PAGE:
Summer time is the best. Long days, sunshine and a carefree attitude are some of the greatest things. Open windows, popsicles and dirty feet come in a close second, but there are certain things we need to do to take care of ourselves during summer.

Cold Showers Are Not the Best

Running around in the sunshine is a lot of fun. I like playing tennis and Glen likes playing tag, and when you’re running around like a fool in warm weather, it’s easy to overheat and your first instinct is to take a cold shower, but resist, says Dr. Balu Gadhe CareMore Medical Group in California. Our bodies already have a natural temperature regulating system and if you go from very very hot to cold; your blood vessels will constrict and prevent you from cooling down. Instead of a cold shower or bath, try a cool shower or a lukewarm bath.

Careful What You Drink

Running around outside can also lead to dehydration, so it’s a good idea to drink a lot on hot summer days. This is kind of a no brainer, but you need to be careful about what you drink. Registered Dietician Amy Jamieson-Petonic from the Cleveland Clinic says that alcohol, caffeine and beverages high in sugar can dehydrate you because those drinks pull more water from your cells to metabolize them and it starts what she calls a “vicious cycle of thirst” because whatever you drank to quench your thirst left you thirstier than before. Plain old water works the best, but if you need flavor like I do, add cucumber to still or carbonated water. It’s super refreshing. Skim milk and herbal teas are also good, and if you exercise outside in summer, sports drinks can help, too.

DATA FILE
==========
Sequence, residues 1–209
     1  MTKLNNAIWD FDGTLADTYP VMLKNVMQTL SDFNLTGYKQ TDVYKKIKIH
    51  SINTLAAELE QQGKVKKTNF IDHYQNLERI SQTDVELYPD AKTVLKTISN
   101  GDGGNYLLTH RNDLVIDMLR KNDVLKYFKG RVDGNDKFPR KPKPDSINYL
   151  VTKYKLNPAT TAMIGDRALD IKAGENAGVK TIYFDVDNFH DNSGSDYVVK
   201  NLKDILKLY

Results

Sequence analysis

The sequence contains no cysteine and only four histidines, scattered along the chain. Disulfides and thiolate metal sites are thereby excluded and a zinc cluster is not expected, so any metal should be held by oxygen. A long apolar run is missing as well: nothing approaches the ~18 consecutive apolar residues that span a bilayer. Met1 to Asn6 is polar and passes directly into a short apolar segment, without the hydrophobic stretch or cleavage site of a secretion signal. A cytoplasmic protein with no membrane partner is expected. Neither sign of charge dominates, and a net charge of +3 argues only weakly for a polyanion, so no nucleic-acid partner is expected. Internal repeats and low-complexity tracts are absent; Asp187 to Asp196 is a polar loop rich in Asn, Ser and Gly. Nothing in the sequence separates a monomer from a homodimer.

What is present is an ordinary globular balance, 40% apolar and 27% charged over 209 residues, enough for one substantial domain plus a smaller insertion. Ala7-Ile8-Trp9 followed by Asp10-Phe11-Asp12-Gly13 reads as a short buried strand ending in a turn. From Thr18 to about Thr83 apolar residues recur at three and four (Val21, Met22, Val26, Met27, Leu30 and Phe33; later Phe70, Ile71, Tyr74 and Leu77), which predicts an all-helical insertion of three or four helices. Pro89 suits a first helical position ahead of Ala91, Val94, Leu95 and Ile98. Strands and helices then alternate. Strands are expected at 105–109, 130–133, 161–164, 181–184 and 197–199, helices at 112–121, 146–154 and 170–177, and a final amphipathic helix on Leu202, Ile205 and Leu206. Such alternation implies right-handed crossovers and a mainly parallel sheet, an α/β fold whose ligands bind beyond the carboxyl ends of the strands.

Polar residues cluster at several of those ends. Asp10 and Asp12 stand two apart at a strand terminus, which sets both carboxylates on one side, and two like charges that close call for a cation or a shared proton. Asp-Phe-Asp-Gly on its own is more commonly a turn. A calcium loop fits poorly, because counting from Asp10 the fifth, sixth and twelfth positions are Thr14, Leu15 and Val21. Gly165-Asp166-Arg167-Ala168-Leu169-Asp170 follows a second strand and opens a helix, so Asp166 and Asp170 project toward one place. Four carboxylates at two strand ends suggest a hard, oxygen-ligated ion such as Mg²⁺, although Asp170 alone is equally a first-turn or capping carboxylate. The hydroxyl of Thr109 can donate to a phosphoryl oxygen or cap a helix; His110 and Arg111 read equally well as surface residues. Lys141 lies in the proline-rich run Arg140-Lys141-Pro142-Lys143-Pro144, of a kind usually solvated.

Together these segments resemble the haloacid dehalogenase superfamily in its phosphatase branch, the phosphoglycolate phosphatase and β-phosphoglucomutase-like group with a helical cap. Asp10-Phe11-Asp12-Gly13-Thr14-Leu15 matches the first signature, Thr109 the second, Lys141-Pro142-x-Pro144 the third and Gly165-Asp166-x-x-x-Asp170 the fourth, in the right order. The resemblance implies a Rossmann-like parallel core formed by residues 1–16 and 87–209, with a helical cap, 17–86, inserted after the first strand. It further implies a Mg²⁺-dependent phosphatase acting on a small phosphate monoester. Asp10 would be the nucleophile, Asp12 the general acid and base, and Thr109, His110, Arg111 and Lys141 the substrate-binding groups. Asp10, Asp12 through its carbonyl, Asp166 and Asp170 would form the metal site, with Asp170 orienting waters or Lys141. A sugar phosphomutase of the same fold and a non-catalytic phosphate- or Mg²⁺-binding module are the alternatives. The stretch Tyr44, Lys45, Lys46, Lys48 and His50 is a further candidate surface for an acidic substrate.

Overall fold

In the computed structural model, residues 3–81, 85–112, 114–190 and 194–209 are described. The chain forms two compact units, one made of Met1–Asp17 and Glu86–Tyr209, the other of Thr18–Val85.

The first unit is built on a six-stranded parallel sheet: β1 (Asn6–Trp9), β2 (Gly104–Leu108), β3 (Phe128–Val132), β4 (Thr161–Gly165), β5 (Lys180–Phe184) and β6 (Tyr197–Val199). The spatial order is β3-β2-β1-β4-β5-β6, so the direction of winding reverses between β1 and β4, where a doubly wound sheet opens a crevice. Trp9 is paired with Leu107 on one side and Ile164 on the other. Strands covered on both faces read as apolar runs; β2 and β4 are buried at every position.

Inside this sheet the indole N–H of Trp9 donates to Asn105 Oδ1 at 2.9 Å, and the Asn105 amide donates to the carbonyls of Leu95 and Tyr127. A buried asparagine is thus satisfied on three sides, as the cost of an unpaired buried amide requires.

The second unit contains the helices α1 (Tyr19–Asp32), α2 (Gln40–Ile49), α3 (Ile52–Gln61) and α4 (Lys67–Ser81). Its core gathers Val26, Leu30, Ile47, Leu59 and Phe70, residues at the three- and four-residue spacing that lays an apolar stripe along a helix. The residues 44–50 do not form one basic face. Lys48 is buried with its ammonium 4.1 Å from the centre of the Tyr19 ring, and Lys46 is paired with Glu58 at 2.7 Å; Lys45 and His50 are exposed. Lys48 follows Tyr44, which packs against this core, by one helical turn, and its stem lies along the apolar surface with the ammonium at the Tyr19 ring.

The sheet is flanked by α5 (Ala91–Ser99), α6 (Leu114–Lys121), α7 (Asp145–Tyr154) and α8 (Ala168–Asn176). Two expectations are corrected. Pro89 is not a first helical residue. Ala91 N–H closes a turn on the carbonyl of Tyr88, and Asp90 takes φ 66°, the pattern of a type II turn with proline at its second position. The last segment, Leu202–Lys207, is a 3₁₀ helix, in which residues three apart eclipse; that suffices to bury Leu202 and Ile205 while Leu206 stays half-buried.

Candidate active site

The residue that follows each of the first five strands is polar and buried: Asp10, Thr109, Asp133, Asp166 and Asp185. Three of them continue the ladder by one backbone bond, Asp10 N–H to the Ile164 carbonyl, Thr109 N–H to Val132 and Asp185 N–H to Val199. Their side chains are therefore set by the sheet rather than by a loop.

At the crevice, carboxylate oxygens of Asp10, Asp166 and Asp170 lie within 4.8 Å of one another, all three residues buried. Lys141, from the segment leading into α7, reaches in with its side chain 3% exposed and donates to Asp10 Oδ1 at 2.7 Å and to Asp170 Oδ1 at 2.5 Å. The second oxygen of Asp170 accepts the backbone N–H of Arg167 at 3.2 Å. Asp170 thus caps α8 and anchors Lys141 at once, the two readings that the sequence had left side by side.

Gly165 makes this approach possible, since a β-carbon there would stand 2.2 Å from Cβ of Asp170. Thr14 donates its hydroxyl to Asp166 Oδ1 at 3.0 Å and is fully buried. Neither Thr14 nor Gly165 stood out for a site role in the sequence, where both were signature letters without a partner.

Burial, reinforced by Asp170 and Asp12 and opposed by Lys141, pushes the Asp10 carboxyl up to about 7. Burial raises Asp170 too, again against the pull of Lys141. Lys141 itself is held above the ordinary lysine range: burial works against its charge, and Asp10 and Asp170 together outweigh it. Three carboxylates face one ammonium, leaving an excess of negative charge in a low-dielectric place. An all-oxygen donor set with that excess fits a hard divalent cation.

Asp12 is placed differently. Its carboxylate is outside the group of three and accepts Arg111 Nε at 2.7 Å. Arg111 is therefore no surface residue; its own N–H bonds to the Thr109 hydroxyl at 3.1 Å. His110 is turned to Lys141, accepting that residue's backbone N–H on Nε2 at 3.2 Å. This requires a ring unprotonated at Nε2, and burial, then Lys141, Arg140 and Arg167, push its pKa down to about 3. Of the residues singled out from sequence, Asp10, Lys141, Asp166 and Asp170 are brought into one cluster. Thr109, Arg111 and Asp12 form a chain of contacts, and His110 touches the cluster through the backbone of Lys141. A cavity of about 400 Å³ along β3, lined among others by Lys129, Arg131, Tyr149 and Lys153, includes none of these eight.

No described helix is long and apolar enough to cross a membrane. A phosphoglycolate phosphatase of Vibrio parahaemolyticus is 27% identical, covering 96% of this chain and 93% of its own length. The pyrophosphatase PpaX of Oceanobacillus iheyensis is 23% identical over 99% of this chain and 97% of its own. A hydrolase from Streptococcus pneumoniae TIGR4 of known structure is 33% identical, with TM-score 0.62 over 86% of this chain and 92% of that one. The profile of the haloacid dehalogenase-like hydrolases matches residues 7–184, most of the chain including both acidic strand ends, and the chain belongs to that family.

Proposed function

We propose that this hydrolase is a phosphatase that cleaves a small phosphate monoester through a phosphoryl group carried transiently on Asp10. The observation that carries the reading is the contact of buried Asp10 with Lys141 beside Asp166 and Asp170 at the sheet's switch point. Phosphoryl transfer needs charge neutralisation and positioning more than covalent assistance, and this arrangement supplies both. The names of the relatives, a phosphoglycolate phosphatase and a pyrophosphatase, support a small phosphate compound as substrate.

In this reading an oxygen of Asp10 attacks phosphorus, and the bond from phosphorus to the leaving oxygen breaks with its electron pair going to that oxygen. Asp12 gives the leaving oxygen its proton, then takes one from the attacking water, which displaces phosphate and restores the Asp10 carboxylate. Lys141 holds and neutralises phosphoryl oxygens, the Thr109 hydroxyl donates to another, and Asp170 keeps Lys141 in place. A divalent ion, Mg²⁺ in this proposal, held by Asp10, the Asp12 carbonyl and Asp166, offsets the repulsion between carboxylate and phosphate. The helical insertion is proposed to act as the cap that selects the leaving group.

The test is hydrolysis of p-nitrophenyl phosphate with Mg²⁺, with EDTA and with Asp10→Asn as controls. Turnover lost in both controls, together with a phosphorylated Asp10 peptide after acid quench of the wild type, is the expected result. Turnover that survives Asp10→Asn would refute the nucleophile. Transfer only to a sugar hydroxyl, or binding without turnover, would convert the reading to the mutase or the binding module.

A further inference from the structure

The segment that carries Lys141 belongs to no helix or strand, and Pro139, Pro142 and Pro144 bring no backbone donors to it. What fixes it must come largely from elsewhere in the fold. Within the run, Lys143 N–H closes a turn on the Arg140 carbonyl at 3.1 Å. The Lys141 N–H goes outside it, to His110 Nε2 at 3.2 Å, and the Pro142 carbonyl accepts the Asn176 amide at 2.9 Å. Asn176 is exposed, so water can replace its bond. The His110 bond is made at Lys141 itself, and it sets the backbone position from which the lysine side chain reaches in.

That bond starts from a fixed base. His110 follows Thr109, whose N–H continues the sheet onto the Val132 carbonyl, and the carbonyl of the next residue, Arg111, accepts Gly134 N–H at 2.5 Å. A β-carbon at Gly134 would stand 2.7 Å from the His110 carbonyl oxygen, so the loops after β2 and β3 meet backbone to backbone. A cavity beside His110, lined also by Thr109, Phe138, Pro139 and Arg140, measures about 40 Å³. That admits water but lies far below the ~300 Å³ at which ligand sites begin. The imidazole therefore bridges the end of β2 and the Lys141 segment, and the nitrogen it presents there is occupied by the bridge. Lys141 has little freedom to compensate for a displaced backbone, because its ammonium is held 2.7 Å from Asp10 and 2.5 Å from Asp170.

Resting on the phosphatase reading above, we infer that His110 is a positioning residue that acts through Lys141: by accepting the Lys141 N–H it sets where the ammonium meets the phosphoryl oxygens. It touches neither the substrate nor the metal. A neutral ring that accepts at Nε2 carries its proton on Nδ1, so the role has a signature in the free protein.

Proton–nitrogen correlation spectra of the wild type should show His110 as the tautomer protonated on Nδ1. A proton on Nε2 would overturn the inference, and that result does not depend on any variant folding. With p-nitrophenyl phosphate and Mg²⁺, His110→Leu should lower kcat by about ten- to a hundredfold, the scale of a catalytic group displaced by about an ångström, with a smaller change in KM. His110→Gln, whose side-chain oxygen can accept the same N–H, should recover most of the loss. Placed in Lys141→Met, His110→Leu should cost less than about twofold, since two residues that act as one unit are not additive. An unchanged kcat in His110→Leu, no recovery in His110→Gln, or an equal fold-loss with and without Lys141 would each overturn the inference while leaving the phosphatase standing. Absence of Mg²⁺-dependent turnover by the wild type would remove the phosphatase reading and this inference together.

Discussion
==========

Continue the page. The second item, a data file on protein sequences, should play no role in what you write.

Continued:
A/C Does Not Cause Colds

It never fails. I get a cold in the summer. Who gets colds in the summer? Apparently a lot of people, but it’s not from the air conditioning, which is what I used to blame it on. As it turns out, air conditioning in summer, like heating in winter can dry out your sinuses. Dr. Gadhe says that “Colds are caused by viruses, not cold air.” Keep taking your multivitamins and practice good hand washing habits, just like you would during cold and flu season.

You Can Get Sunburned On a Cloudy Day

I usually get sunburned at least once per summer as do most people and I’ve even gotten sunburned on a cloudy day! How does that happen? I didn’t think it was possible, but, it turns out it is. Dermatologist Dr. Debra Jaliman says that UV rays can penetrate through the clouds. Dr. Jaliman urges you to “Wear sunscreen every day, even on a cloudy day. I have seen some of the worst sunburns on patients who failed to use sunscreen on cloudy days.” She recommends SPF 30 or higher and whatever you do; don’t put butter on your sunburn. It’s like “putting oil on a fire.” If you’re burned, Dr. Jaliman says “it's best to use unscented aloe Vera gel or even a topical hydrocortisone cream.”